Thursday, March 20, 2014

The secret superpower of subjectivity in science practice

Subjectivity - our internal experiences and perceptions of ourselves and our world - can be devalued in many aspects of life, and particularly in scientific training and careers. The pursuit of objective methods and analyses can lead to a sense that subjective experience more broadly is unimportant or inaccurate or irrational -- this is part of the "hidden curriculum" in graduate training and related professional norms. But, the thing you are rarely shown is that a healthy relationship with your subjective experience can be a big asset, particularly in fluid, practice-based careers.

I grew up being told that I was overly sensitive and that I had "big ears." These weren't compliments, and so I always felt that being sensitive was something to squelch. That feeling was exacerbated in graduate school where it seemed like much of the advice I got was around learning how to not notice things, to develop a thicker skin, and to toughen up - I still get that advice a lot, actually. But, I've tried. And failed. Often. And now I am mostly grateful for the failures because they have allowed me to really have to reclaim, for myself, the value of being perceptive about, for example, the presence of grief and other profound emotions in professional life. Being aware of my sensitivity and related reactions to what is so often unspoken has become important to the way that I move through the world.

Learning to value subjective experience hasn't necessarily been a straightforward process, but it has become a necessity. During the past decade as I have worked in several different government, non-profit, and academic staff positions, I have found that paying attention, not just intellectually but emotionally and bodily, has helped me navigate many confusing situations. As just one example, over a period of a couple years I found myself often saying things I wouldn't normally say in meetings, like, all the time. Words would literally come out of my mouth and I would immediately wonder why I'd just said that. With sustained curiosity and some frustration, I learned that given certain group power dynamics, I will express what others are unwilling or unable to say, which is helpful at times and not so helpful at other times. Understanding that dynamic has helped me to question power structures, to be more intentional about the things that I say, and to better place my limited energy.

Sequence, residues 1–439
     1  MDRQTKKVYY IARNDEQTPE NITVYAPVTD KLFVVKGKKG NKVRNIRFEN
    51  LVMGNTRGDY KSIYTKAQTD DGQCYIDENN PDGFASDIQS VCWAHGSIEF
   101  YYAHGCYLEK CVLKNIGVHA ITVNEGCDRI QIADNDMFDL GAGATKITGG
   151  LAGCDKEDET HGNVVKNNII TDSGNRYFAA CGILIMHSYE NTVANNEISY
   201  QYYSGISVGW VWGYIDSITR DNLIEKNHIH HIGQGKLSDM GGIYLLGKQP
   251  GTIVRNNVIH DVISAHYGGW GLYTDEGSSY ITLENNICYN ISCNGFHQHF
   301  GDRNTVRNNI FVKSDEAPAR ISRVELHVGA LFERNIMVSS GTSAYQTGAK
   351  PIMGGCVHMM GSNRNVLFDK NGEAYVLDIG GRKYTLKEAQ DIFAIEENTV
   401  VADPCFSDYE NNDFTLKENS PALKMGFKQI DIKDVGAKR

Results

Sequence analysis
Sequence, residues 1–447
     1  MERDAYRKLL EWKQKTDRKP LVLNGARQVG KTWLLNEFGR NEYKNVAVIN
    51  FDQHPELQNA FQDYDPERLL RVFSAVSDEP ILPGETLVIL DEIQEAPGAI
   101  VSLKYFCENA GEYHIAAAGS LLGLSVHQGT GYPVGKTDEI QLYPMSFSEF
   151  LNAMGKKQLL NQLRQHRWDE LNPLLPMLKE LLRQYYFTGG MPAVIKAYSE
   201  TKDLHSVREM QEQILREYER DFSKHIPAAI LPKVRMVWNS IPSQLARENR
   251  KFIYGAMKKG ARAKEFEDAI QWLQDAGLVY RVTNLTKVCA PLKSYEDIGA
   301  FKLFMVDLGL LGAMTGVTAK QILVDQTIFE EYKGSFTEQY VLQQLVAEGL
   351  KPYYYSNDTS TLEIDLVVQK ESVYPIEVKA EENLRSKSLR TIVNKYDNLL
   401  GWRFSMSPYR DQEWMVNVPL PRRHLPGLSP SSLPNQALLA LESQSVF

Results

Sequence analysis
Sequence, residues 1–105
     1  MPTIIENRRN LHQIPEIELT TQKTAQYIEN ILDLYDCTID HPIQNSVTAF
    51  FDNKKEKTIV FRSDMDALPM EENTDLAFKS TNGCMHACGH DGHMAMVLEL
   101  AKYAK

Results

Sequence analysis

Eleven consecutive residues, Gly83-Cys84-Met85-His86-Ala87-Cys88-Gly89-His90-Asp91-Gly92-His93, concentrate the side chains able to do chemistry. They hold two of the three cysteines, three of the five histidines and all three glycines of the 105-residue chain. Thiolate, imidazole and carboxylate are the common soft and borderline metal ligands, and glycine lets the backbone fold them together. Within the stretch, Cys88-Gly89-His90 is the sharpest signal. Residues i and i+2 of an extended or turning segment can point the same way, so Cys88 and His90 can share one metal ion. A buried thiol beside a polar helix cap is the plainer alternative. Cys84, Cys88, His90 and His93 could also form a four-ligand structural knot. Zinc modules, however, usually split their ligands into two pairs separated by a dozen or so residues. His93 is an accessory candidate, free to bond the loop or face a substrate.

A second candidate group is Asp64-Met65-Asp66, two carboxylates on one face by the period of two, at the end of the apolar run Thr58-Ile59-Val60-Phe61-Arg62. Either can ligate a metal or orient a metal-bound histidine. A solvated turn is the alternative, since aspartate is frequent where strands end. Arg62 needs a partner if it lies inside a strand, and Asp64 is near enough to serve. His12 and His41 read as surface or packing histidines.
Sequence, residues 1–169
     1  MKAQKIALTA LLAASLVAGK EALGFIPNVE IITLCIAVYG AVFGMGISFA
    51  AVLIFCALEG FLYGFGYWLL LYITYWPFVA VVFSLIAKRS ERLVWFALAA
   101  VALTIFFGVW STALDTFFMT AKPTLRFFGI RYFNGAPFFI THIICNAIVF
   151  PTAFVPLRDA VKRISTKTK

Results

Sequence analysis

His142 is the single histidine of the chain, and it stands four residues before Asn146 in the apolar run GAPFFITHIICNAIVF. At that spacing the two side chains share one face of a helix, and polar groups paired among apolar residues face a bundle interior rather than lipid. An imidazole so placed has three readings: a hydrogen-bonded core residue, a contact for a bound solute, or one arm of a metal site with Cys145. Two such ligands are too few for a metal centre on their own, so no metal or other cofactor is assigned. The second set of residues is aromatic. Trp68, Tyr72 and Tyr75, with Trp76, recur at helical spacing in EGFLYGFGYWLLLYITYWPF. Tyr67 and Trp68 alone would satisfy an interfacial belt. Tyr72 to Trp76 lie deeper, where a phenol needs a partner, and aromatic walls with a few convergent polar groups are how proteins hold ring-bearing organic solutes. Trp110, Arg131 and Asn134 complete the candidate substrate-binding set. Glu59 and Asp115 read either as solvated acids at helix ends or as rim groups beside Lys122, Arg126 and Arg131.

Your own "subjective superpowers" are undoubtedly vast. Maybe you were somebody who avoided hard conversations and are now learning how to help others ease into voicing concerns. Maybe being deeply ambivalent has allowed you to become comfortable enough with uncertainty to ask hard questions. Maybe working with your own insecurity has helped you become confident enough to not have all the answers, allowing space for the wisdom of others. Often these are capacities that start out feeling detrimental, but with practice and intention become invaluable and ultimately connect us with others.

At first, working with subjective experience can feel overwhelming -- it can be a lot of extra information. Like, "why does my stomach hurt when this topic comes up?" Or, "wow, that interaction just gave me so much energy I'm jumping out of my skin." Our perceptions can also be marred by trauma, privilege, ego, cultural norms, and many other things, and modulating them is a lifelong process. And, in really paying attention to our experience we may realize that a change is needed -- that a relationship with a co-worker needs to be addressed or that the values of the organization we work for don't mesh with our own -- and that can be scary. For me, contemplative practice, whether moving or still, indoors or outside, is key -- I need time and space to reflect, with curiosity and compassion as guideposts. Therapy and working with symbols and archetypes might be pathways, professional communities can offer saving graces, and many thrive with improv or storytelling practices.

These truly are lifelong practices, and your own pace is perfect. No matter the route, and there are many, there is much to be gained in befriending and honoring your own experience of the world.

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